Plant Science: Academic Requirements, Professional Outlook

Plant Science:  Academic Requirements, Professional Outlook

Plant Science

Plants are vital to all existence on Earth; they provide oxygen to breathe, raw materials for building shelter and food to eat. Knowing how they work and how they can be improved can help us have better crops, better medicines and beautiful landscape plants. "Plant science explores through investigation and experimentation how plants grow, develop, reproduce, evolve, fight off pests and diseases, and interact with and respond to their environment," according to the University of Nottingham's Plant Science program website.

The field is socially important because Plant Scientists help to improve the products that we get from plants, including food, fiber and medicine. Plant Scientists also work in environmental protection, helping to clean up damage to the environment.

The Academic Requirements

Students will take courses in biology (including genetics), chemistry, ecology, and environmental sciences. Students will learn about the different technologies that are applied to plant science and the applications of Plant Science to agriculture, horticulture, crop science, and environmental sciences. Students may also pursue courses in related fields, such as crop science, soil science or weed science.

Here are some courses that we've seen:

  • Genetic Improvement of Plants and Animals
  • Plant Pathology
  • Soil Fertility
  • Weeds and Weed Control
  • Marketing Specialty Agricultural Products
  • Community and Whole Plant Physiology
  • Ecology
  • Plant Cell Signaling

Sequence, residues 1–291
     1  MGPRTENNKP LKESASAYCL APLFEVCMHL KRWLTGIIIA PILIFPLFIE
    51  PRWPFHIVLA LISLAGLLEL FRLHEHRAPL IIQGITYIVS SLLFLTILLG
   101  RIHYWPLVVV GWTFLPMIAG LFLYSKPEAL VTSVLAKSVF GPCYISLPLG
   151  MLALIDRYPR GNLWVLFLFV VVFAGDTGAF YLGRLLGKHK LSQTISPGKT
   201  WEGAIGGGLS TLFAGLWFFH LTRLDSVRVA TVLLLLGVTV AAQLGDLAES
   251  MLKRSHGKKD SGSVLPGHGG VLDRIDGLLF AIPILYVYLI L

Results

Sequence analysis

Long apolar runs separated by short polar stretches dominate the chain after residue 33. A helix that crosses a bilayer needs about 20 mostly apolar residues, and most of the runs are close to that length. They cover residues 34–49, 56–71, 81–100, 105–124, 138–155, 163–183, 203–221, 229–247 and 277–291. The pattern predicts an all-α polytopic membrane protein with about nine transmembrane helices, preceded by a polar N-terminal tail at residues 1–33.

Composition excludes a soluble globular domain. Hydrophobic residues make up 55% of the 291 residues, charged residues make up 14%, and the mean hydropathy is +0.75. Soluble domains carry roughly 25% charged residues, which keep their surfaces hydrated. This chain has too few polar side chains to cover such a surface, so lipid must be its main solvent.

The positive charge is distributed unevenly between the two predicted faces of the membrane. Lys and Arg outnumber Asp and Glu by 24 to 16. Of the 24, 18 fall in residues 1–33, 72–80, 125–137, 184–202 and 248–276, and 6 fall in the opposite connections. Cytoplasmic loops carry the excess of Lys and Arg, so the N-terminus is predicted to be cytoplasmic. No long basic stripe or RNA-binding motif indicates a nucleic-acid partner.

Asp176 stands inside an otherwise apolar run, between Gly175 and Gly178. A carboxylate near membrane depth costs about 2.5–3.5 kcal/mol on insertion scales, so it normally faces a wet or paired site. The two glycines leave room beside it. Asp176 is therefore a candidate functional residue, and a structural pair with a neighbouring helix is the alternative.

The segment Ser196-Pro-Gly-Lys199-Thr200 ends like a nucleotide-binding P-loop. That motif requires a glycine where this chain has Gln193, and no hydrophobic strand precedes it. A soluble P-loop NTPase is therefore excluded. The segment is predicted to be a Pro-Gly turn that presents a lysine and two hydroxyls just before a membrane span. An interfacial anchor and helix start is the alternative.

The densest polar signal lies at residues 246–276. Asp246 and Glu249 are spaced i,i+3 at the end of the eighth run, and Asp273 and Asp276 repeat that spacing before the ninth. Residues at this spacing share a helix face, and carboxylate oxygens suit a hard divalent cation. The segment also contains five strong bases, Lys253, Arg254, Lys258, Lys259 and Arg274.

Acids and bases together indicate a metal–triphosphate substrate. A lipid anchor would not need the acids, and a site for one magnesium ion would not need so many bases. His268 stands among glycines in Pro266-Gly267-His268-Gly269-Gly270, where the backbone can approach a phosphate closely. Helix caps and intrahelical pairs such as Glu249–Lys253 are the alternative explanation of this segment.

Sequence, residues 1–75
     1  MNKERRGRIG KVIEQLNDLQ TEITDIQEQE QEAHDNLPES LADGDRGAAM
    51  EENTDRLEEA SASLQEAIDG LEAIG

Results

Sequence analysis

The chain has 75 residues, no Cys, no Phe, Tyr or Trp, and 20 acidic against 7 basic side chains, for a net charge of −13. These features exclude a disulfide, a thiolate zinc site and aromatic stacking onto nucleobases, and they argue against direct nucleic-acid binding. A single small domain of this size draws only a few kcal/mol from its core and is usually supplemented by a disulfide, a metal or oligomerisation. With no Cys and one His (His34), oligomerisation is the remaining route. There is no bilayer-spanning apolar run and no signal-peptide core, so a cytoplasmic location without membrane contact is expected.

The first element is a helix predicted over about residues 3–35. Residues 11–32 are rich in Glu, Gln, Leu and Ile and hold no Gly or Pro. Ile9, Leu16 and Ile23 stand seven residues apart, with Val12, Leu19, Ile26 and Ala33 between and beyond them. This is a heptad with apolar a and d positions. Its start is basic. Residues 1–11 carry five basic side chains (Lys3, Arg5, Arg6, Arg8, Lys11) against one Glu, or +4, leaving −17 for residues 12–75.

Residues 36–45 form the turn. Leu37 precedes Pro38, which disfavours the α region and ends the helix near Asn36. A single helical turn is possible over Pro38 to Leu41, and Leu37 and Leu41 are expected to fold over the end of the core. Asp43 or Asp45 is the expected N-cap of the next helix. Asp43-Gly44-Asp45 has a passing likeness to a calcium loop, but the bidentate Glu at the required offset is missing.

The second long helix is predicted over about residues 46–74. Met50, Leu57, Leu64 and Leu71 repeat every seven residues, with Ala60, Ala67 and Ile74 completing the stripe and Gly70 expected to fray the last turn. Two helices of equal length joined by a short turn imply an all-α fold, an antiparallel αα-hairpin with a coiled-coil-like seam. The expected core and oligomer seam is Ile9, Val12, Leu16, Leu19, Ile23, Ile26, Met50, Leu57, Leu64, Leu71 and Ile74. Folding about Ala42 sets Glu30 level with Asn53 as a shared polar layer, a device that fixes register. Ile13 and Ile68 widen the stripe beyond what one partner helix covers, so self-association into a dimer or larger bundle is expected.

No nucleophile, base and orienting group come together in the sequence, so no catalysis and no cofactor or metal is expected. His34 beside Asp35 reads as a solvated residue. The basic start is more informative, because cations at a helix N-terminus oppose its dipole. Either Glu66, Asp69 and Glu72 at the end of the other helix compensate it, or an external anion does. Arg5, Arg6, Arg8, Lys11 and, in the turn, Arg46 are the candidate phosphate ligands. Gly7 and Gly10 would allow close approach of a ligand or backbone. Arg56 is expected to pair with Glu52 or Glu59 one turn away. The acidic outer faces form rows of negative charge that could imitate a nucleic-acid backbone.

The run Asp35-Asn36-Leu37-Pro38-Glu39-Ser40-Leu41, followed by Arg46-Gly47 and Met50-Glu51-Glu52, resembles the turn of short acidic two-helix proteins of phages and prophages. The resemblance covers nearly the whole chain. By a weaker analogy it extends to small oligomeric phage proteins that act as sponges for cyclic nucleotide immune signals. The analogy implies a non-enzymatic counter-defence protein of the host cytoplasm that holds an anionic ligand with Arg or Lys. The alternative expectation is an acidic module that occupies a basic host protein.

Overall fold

• Resource Capture by Plants
  • Botany
  • Ornamental Horticulture
  • Elements of Entomology
  • Environmental Soil Management

Professional Outlook

Plant Scientists can work in research for industries or academics, they can work in health industries (such as pharmaceutical research laboratories), in education, or with a variety of private companies or government agencies. They can work in food industries, in horticulture and plant breeding, with crop protection companies, or in environmental protection agencies. Many Plant Scientists work in basic (academic) or applied (problem-solving) research and development. Those in senior positions may manage or administer research and development programs all over the world. Some Plant Scientists are consultants to business firms, private businesses or the government. To conduct independent research or to be in a managerial position, a master's or doctorate degree is usually required.

The Bureau of Labor website says; "Agricultural scientists involved in management or basic research tend to work regular hours in offices and laboratories. The work environment for those engaged in applied research or product development varies, depending on the discipline of agricultural science and on the type of employer." Some plant scientists, especially those assisting researchers, may work outside, collecting samples and monitoring projects.

Here are some job titles that we've seen, including some of the organizations that offer them, all of which included a requirement for experience in Plant Science:

Resources

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